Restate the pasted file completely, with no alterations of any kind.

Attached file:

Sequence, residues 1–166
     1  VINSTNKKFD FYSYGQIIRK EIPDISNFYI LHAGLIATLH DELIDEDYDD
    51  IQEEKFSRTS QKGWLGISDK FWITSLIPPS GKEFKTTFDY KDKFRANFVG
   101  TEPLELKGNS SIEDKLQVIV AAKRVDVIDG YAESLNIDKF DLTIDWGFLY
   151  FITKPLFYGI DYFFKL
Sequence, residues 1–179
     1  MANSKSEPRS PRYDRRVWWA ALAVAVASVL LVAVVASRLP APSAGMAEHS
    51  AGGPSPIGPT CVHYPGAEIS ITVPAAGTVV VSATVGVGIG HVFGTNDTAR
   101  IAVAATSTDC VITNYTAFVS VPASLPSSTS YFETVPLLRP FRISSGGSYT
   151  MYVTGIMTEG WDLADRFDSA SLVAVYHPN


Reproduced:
Sequence, residues 1–166
     1  VINSTNKKFD FYSYGQIIRK EIPDISNFYI LHAGLIATLH DELIDEDYDD
    51  IQEEKFSRTS QKGWLGISDK FWITSLIPPS GKEFKTTFDY KDKFRANFVG
   101  TEPLELKGNS SIEDKLQVIV AAKRVDVIDG YAESLNIDKF DLTIDWGFLY
   151  FITKPLFYGI DYFFKL
Sequence, residues 1–179
     1  MANSKSEPRS PRYDRRVWWA ALAVAVASVL LVAVVASRLP APSAGMAEHS
    51  AGGPSPIGPT CVHYPGAEIS ITVPAAGTVV VSATVGVGIG HVFGTNDTAR
   101  IAVAATSTDC VITNYTAFVS VPASLPSSTS YFETVPLLRP FRISSGGSYT
   151  MYVTGIMTEG WDLADRFDSA SLVAVYHPN